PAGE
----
The Fourth Aleyn James Novel

Sequel to HeatLightning

Captain John Smith was a visionary. His painful departure from James Towne due to a horrendous burn did little to dampen his desire to colonize. His failure to return to North America in both 1615 and 1617 only steeled his resolve to once again become part of a burgeoning colony. In 1617, two fugitives from the Church of England began planning to move their congregation from Leiden in Holland to land patents in northern Virginia, to live and worship free of interference from the Church of England. In 1620, Robert Cushman and John Carver, assisted by a champion of religious tolerance named Edwin Sandys, chartered the merchant ships Mayflower and Speedwell to transport their people.

Once Smith learned of their plan, he offered his military experience to this group of Separatists. His qualifications were ideal for a military leader. He was familiar with the Atlantic Coast, he was intimately acquainted with many Indian tribes, and he’d personally prepared detailed maps and descriptions of the area. There remained one insurmountable problem. Smith and the Separatists were incompatible in their fundamental philosophy and beliefs. So instead of him, they took his books, maps, and a military commander more to their way of thinking, Captain Miles Standish.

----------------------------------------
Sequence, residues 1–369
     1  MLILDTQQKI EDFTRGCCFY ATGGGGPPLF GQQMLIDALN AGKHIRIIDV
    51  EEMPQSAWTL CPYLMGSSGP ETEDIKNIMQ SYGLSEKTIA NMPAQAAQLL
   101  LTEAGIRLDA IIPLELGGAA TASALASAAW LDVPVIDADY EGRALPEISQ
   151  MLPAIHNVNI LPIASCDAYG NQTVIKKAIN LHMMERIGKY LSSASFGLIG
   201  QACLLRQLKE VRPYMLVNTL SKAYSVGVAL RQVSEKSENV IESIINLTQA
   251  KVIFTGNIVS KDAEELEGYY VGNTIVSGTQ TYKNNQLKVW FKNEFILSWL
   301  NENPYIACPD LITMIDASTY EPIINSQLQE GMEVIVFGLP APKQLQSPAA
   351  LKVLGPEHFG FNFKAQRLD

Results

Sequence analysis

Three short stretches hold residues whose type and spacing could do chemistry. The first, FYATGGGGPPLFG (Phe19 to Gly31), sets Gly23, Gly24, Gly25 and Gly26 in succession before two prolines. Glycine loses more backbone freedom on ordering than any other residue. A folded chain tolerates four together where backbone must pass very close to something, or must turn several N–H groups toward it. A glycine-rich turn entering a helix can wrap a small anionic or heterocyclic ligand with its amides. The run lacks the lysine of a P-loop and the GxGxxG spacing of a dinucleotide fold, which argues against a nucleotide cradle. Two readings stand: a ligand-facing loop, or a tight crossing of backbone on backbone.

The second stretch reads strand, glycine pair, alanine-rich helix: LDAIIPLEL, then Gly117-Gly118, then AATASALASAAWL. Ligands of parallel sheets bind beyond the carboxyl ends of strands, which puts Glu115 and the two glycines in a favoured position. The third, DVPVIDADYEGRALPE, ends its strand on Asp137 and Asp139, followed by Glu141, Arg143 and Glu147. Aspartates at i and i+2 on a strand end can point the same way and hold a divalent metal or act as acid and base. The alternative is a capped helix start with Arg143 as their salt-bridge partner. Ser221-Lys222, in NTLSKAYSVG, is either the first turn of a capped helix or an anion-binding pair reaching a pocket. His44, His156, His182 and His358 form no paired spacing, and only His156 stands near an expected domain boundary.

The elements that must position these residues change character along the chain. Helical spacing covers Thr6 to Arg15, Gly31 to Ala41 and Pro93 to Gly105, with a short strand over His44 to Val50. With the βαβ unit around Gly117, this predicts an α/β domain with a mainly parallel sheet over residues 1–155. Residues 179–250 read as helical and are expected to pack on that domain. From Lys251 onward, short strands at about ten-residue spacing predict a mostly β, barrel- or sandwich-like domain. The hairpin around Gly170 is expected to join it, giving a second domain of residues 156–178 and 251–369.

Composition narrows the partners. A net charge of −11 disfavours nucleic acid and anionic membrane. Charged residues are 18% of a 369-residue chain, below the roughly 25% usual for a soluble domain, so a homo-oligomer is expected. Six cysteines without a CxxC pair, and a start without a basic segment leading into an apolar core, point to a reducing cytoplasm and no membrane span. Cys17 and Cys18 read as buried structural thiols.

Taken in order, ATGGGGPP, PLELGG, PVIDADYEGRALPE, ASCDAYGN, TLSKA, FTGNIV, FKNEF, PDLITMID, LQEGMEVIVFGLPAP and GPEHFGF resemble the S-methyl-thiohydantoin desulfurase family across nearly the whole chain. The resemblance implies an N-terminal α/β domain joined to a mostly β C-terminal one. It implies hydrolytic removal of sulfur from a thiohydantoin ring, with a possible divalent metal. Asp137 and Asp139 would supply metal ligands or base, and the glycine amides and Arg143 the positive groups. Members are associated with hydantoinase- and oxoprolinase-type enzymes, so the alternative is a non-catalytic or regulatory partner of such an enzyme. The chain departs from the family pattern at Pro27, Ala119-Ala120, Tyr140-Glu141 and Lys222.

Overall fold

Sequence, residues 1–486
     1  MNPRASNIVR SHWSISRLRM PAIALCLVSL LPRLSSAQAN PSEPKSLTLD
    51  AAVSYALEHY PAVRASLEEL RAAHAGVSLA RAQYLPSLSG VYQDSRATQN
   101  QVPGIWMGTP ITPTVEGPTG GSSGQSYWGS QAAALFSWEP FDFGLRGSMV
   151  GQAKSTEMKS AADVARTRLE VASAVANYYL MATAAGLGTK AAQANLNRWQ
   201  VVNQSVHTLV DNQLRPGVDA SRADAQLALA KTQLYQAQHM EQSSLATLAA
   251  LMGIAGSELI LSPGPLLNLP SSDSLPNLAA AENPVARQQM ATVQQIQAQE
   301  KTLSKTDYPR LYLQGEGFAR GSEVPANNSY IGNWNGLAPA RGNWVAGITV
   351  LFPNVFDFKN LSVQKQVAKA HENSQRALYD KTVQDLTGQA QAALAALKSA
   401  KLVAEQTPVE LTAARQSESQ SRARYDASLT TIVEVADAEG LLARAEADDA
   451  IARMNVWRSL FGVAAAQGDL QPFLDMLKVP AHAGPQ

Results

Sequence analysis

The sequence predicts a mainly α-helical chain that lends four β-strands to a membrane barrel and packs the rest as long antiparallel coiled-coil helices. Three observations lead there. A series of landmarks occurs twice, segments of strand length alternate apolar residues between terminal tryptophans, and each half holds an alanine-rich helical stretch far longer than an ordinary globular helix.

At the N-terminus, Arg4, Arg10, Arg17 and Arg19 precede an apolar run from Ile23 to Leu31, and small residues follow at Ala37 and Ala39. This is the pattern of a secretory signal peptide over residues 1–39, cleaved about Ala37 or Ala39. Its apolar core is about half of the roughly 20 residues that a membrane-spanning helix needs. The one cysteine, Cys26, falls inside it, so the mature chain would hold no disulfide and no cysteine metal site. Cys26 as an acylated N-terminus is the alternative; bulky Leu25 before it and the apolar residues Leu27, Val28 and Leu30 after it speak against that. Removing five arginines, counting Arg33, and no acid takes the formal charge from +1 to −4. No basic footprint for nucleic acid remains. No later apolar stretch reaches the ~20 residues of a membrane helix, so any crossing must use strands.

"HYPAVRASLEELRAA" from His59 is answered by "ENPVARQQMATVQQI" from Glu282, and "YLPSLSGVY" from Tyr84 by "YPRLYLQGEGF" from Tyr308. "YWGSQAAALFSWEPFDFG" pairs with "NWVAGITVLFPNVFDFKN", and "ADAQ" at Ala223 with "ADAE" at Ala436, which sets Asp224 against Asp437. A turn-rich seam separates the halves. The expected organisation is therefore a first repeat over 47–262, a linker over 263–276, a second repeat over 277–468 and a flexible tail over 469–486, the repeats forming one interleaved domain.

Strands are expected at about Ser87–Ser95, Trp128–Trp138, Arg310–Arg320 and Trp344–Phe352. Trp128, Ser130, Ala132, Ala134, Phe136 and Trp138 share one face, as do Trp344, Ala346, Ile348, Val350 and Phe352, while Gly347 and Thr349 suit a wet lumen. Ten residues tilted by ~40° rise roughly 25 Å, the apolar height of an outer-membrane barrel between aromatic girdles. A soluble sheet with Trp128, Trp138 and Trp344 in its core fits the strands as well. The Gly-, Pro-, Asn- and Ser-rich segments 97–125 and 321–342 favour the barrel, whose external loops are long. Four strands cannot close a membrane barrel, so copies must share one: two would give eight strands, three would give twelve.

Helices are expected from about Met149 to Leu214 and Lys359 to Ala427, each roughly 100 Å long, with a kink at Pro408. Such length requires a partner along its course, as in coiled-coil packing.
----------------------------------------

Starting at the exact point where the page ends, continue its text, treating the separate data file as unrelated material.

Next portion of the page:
Detained by bad weather, then forced to return because of the badly leaking Speedwell, Mayflower sailed too late in the season. Instead of reaching the Hudson River during warm weather, they made landfall off the coast of Cape Cod in December. After exploring the area, they decided on the harbor Captain Smith tried so hard to colonize, the abandoned Indian village of Pautuxet, a place designated New Plymouth on a map he drew of land he named New England.

Nor’easter is the continuing story of Aleyn, Acoona, and their extended family, making their way north from Spanish Florida, wrecking their beloved pinnace Virginia on the outer banks of Cape Cod, and assimilating into the fledgling colony of New Plymouth. Aleyn and Acoona gracefully age as they farm their new land, and their children—Alan and Tara—take their place as the story’s protagonists. It's a story of growing friction between the tribes and the English invaders, the horrors of the Pequot War, and the growing pains of a nation struggling to be born.

A final edit is currently underway with plans to publish later this summer.
                                                                                                                        Glen F. Alden - 2019


A Tale of the Plymouth Colony
​1623 - 1667